A shale's tale: performance drilling with formates
"If you're drilling shale, think formates." This is the message from growing field experience and research into compatibility between shale and formate fluids. In the last year, two new studies have further established formate fluids' voracity for drilling through shale.
Tests on shales from the Tor/Ekofisk fields show that formate fluids facilitate fast, safe drilling while stabilizing wellbores and cuttings
Stabilizing North Sea shales
The first study (SPE 184661-MS) looks at wellbore stabilization in the Tor/Ekofisk wells located in the Danish sector of the North Sea. The authors completed an extensive wellbore stability investigation focusing primarily on improving shale-fluid compatibility. A review showed that wellbore cavings at Tor/Ekofisk in the Lark/Horda shales occur after three to five days of openhole time due to mud-pressure invasion. Whether oil-based or water-based muds are used makes no difference – both are equally limited in providing longer-term shale stability.
- Accretion of only 0.3%, which is the second lowest of all fluid formulations tested and is only outperformed by a modified OBM. Low accretion translates into low bit-balling tendency and high rate of penetration (ROP).
- 86% cuttings recovery in the cuttings disintegration test, which is on par with modified OBMs and the best results from high-performance water-based muds (HP WBMs).
- The pressure-transmission-test (PTT) delay factor was the highest of all muds tested with a value 12.5 higher than OBM. This means that wellbore cavings would occur after forty to sixty days rather than three to five days with OBMs. For comparison, the best-performing HP WBM only gave a delay factor 2.2 higher than OBM.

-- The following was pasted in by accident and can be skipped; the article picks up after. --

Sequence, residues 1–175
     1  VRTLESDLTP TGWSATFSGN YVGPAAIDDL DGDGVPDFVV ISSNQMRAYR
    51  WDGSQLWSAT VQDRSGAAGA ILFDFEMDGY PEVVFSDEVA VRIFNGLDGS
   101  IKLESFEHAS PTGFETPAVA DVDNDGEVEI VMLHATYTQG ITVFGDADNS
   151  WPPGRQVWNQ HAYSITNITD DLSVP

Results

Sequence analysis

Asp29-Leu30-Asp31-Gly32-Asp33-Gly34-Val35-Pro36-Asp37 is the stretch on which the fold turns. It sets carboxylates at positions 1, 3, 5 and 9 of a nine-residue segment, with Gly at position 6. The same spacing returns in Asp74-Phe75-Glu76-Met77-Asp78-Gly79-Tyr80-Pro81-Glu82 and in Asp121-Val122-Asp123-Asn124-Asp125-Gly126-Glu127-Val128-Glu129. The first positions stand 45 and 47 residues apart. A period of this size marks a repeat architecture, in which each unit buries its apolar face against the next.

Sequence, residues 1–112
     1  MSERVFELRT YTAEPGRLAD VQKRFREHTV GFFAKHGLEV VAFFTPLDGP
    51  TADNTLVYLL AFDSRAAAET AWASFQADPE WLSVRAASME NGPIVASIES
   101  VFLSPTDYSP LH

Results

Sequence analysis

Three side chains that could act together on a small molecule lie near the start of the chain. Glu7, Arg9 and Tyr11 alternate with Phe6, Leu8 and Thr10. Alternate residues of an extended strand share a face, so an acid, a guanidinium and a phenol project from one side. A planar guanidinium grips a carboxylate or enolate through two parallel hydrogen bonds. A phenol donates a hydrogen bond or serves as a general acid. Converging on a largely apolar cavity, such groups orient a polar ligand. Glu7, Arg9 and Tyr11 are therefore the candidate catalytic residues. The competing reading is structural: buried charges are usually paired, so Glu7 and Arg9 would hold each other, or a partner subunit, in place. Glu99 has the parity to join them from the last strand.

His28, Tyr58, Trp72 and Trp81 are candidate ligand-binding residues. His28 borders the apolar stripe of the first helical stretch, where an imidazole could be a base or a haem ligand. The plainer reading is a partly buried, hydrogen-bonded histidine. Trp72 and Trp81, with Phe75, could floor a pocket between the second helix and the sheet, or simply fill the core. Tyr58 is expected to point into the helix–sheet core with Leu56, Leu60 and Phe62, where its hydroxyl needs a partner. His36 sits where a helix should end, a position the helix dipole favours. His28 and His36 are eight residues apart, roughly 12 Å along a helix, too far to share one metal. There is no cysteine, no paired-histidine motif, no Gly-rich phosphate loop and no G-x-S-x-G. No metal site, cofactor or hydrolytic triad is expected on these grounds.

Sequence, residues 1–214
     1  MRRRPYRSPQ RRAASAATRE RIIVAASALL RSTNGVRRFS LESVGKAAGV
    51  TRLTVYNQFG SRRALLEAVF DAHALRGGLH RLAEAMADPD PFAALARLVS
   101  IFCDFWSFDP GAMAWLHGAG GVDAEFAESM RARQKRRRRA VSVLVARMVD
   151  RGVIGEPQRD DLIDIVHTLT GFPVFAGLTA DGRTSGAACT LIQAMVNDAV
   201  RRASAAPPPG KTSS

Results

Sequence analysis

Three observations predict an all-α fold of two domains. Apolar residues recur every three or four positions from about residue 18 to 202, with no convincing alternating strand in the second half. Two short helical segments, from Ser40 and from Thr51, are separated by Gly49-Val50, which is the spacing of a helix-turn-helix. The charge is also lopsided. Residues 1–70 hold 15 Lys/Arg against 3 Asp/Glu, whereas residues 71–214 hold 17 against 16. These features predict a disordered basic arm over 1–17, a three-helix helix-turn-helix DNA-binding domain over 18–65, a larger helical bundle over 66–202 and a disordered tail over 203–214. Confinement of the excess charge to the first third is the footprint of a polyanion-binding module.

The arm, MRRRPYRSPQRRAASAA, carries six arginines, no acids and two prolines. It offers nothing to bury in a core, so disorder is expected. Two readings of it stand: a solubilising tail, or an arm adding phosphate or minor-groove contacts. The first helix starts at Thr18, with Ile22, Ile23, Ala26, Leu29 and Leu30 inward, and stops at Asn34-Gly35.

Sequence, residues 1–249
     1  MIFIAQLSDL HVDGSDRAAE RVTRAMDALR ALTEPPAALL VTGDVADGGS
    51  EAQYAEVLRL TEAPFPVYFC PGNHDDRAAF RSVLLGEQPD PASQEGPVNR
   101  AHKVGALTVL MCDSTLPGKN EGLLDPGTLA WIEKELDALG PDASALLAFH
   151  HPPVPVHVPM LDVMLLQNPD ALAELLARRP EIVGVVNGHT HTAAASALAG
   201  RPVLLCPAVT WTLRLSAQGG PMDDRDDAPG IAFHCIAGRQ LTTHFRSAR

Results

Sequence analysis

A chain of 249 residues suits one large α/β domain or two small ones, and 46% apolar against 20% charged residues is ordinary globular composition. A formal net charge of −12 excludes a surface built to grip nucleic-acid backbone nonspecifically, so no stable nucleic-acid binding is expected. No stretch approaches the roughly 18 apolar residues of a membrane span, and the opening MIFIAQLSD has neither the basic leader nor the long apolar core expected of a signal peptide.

- The thick-walled-cylinder-test collapse pressure was the highest observed at an average value of 2139 psi, which is very close to the shale’s native strength range. For comparison, OBM yielded a low collapse pressure of 1724 psi and the best-performing HP WBM yielded 2022 psi, more than 100 psi below the formate result.
Why do formates aid shale drilling?
Interestingly, the second research study (AADE-17-NTCE-111) looks at why formate fluids drill so well. It identifies five shale-stabilizing factors that lead to formate fluids’ “excellent shale drilling qualities.”
Favorable clay-swelling inhibition: Alkali metal ions, in particular cesium, have strong repulsive hydration forces that suppress swelling pressures between clay platelets to provide excellent cuttings and wellbore stability.
Low mud-pressure penetration: Pressure transmission in shales leads to time-delayed borehole instability. Elevated viscosity in formate fluids’ filtrates can slow pressure transmission. Operators use this delay to increase openhole time, which provides the opportunity to drill the section, run casing and cement it without instability problems, as shown in the Tor/Ekofisk study.
Osmotic backflow strengthens boreholes: Depending on water activity and shale properties, formate fluids can strengthen boreholes by counterbalancing hydraulic flow into the shale and reducing pore pressure. Effectively, the high-salinity of formate fluids creates osmotic back flow from the shale to the drilling or completion fluid.
Osmotic dehydration: Osmotic back flow has a further benefit; by dehydrating the outer shale layer, bit-balling and cuttings accretion are decreased, which explains why ROP is so high in countless shale sections drilled by formate fluids as illustrated by DMK’s experience drilling shale in Canada (see Formate Matters issue 9).
Excellent lubricity:Cesium and potassium formates in particular are highly lubricious. This beneficial quality minimizes friction, improves torque and drag, and increases force transmission to the bit, thus improving ROP and bit life.